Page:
Directed By: Joel and Ethan Coen
Starring: Jeff Bridges, John Goodman, Julianne Moore
Tag line: "Times like these call for a Big Lebowski"
Trivia: A lot of the Dude's clothes in the movie were Jeff Bridges's own clothes, including his Jellies sandals
I have to admit that my initial viewing of The Big Lebowski, which happened a couple years after its release, left me lukewarm. “It’s got its moments”, I thought to myself, “but isn’t anything spectacular”. A second watch revealed a little more, which I'm guessing I missed the first time around, and suddenly, I was laughing out loud. Now, with about a dozen viewings under my belt, I can say, without hesitation, that this is the funniest movie I have ever seen. The Big Lebowski is my all-time favorite comedy.
Jeffrey “The Dude” Lebowski (Bridges) is the victim of mistaken identity. A pair of thugs, believing he’s a famous millionaire who, quite coincidentally, is also named Jeffrey Lebowski (David Huddleston), break into The Dude’s house and demand payment for his wife’s outstanding debts. But The Dude has never been married, and tries to convince them they have the wrong guy. The two thugs eventually come to that very conclusion, yet not before one of them urinates on The Dude’s favorite living room rug. Spurred on by his best friend and bowling partner, Walter Sobchak (John Goodman), The Dude pays a visit to the millionaire Lebowski, whose wife Bunny (Tara Ried) caused all the trouble in the first place, and requests he replace the soiled rug. Instead, The Dude finds himself tangled up in a kidnapping incident when Bunny is abducted by some Nihilists, who want a million dollars in exchange for her safe return. Recruited by the ‘other’ Lebowski’s personal assistant, Brandt (Philip Seymour Hoffman), The Dude, accompanied by Walter, sets out deliver the ransom money and bring Mrs. Lebowski back alive. But when his good buddy starts taking control of the situation, it isn't long before The Dude is in some serious hot water.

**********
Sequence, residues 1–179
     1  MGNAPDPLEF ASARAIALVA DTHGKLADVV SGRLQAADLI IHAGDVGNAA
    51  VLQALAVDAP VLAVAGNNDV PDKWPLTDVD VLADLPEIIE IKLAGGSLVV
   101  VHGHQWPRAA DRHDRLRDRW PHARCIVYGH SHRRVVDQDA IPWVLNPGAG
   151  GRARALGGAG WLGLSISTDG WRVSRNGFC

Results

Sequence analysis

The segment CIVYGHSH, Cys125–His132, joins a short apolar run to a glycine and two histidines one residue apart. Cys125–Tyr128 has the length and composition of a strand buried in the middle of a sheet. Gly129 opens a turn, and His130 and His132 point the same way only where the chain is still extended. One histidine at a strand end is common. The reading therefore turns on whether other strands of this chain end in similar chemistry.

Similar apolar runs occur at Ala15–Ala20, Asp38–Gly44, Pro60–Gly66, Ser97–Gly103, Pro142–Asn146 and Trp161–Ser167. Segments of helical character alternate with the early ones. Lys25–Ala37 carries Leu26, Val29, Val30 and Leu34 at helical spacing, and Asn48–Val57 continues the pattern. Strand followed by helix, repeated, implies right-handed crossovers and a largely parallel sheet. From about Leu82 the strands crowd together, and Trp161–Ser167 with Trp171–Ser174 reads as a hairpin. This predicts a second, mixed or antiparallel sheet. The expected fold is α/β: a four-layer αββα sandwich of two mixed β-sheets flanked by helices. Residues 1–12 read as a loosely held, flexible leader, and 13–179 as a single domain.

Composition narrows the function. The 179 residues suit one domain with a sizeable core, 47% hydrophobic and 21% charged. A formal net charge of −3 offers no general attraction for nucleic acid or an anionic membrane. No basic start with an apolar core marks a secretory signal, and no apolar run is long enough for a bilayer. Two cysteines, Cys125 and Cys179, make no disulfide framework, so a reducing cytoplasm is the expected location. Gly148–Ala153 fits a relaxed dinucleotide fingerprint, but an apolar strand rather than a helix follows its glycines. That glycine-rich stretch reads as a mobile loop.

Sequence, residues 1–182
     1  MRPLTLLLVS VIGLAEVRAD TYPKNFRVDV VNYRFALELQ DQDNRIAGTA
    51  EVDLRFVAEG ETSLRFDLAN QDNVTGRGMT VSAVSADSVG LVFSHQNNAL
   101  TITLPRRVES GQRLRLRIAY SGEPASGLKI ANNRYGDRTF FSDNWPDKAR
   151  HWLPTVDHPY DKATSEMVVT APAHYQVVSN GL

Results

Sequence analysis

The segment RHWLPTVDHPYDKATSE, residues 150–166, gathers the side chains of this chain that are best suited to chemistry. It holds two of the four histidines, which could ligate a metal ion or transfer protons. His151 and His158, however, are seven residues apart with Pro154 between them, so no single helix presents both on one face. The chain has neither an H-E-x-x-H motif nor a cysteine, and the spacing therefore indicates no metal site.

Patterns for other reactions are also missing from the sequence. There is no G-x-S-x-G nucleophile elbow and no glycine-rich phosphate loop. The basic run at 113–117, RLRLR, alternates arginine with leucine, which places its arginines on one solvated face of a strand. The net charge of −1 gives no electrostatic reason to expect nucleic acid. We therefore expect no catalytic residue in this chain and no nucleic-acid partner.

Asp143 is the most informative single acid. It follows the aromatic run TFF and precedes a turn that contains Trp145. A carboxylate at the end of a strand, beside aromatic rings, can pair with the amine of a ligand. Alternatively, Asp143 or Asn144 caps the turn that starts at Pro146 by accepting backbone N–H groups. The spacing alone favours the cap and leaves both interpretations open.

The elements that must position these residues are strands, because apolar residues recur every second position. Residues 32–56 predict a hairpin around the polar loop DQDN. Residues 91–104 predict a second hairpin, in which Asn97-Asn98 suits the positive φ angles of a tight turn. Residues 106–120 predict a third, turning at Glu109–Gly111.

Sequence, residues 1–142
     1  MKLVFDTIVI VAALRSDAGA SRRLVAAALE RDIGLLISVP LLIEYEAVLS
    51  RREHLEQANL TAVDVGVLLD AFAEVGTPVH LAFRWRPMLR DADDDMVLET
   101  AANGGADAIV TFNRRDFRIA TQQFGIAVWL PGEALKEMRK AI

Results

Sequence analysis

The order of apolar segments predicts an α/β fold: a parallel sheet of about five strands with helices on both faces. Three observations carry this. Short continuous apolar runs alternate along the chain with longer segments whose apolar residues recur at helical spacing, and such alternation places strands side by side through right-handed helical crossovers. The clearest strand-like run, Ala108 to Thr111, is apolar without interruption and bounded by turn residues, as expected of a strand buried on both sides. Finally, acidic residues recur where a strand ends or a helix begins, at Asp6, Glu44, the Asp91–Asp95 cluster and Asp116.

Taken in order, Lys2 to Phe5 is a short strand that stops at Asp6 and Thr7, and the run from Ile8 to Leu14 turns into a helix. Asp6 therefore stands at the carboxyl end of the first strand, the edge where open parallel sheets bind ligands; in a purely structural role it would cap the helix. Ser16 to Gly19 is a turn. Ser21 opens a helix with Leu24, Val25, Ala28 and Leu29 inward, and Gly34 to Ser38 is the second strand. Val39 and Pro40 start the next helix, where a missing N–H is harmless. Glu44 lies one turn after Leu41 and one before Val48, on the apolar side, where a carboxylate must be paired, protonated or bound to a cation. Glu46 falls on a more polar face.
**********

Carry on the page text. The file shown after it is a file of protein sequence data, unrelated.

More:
The casting of Jeff Bridges as The Dude, a laid-back stoner with no job, was a stroke of genius. Bridges himself once said he was born to play The Dude, going so far as to admit he might have actually been the character had his life taken a few wrong turns. Bridges effectively maintains The Dude’s easygoing attitude throughout the movie, even when things come crashing down around him. As for the role of his best friend, Walter, it was tailor-made for John Goodman. The Coens had previously worked with Goodman on both Raising Arizona and Barton Fink, and were thus fully aware of what the actor could bring to a film. His Walter Sobchak is an angry man, the kind of guy who draws a loaded gun during a bowling match. He is the exact opposite of The Dude, and is also the reason The Dude gets into so much trouble. Walter certainly means well, but there’s no denying The Dude’s life would have been much quieter had he not told Walter about his wet rug. John Goodman is an actor who knows how to shake the comedy out of every scene, and he never fails to do so here.
Practically every sequence in The Big Lebowski is comedy gold, and the supporting cast (which includes Julianne Moore, Steve Buscemi, John Turturro, Sam Elliott and Ben Gazzara) is just about perfect. It may have taken a while to sink in, but now that it has, I’m hooked on The Big Lebowski. I love this movie!